Mount Eerie Goes For Adds

Posted on Jan 29, 2018
Mount Eerie Goes For Adds

As Mount Eerie, and prior to 2004 as The MicrophonesPhil Elverum has pioneered a distinct form of existential music – hinged on a balance of boundlessness and intimacy – that feels entirely homegrown. While each album has been unique in sound and approach, they all grapple with big questions in ways that are human and relatable. The 2016 death of his wife, Geneviève Castrée, from cancer marked a monumental shift in his life and his music. In the months after her death, in the throes of grief and learning how to be a single parent to their young daughter, Elverum wrote and recorded the album that has become his most acclaimed work: A Crow Looked At Me. The intimacy implied by Elverum’s earlier work became the music’s overwhelming quality, with the words being sung creating a direct line between the listener and Elverum’s grief, presented clearly and unencumbered by flair. Now Only, written shortly following the release of A Crow Looked At Me and the first live performances of those songs, is a deeper exploration of that style of candid, undisguised lyrical writing. It portrays Elverum’s continuing immersion in the strange reality of Geneviève’s death, chronicling the evolution of his relationship to her and her memory, and of the effect the artistic exploration of his grief has had on his own life.

“Distortion,” the first song released from Now Only, is fleshed out texturally and seems to react to its lyrics in real time – In moments of confusion, dissonance abruptly makes itself known; in moments of clarity, gentle piano arises. Lyrically, it’s an existential reflection expressed with the same uniquely poetic candor Elverum employed to such effect on A Crow Looked At Me: “Though my life is a galaxy of subtleties/My complex intentions and aspirations do not matter at all/In the face of the crushing flow of actual time.” The song premiered last week on Pitchfork, which gave it “Best New Track” honors.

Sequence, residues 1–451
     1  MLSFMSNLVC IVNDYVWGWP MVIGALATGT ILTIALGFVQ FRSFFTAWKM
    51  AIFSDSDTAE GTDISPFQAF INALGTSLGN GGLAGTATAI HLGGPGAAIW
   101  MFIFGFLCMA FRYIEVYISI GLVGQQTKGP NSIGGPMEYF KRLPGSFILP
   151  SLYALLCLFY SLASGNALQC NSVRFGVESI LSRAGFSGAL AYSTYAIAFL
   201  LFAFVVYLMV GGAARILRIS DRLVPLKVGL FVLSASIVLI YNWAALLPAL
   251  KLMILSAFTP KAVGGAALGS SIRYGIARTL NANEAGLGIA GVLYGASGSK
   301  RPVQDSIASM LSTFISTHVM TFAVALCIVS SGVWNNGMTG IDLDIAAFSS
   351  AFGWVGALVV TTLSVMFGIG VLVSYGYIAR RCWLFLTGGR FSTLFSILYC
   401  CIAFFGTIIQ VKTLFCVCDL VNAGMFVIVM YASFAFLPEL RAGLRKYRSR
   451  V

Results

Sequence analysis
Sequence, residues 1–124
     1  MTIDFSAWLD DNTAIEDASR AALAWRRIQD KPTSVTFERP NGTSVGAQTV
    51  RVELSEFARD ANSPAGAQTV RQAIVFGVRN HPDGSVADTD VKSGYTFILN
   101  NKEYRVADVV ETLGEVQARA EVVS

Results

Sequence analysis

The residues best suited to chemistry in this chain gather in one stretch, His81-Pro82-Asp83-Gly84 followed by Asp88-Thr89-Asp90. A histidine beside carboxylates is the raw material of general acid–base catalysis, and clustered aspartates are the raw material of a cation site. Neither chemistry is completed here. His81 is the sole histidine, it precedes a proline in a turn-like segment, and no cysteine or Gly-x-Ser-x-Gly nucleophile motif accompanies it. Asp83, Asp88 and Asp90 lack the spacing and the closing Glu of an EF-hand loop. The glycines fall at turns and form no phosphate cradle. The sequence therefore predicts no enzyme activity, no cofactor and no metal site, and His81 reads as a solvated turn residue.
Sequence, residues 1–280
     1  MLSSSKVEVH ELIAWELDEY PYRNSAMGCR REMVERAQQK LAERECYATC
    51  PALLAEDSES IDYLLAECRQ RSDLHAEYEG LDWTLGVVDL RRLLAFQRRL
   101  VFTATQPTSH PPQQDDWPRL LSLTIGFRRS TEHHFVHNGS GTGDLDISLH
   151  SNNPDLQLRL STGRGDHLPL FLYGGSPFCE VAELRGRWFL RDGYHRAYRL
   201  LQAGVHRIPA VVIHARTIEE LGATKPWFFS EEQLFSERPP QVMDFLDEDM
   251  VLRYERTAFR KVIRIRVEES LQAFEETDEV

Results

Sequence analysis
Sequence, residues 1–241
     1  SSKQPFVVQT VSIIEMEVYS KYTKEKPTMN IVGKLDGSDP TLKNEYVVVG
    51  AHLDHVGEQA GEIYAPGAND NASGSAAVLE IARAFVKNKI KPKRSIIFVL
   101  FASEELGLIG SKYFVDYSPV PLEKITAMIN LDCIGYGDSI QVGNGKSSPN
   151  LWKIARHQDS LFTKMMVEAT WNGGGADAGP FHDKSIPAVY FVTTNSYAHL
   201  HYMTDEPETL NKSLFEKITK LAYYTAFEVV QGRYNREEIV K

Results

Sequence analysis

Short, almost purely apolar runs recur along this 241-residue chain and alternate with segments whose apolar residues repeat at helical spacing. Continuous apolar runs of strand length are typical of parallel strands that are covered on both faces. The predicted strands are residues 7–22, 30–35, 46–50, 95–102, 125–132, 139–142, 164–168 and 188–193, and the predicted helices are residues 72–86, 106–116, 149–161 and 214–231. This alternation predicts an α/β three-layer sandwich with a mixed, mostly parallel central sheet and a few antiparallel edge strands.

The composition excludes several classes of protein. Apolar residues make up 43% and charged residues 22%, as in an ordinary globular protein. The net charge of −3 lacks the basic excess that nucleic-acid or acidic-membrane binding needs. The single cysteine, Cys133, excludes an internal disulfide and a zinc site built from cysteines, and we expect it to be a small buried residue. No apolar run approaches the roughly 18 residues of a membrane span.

“As Elverum continues to pick at impossible questions, he situates Genevieve’s death within the full context of his life.” –Pitchfork (Best New Track)

“An epic that opens with a dissonant cloud of electric guitar before giving way to tumbling acoustic notes and Elverum’s stark singing voice as he weaves together thoughts and memories into an elegy for his late love.” -Paste

RIYL: Sun Kil Moon, Will Oldham / Bonnie “Prince” Billy, Julie Doiron, Mirah, Nick Cave & the Bad Seeds

FCC Clean

Label: P.W. Elverum & Sun

Digital Servicing Only

Goes For Adds 1/29 & 1/30

Skip to toolbar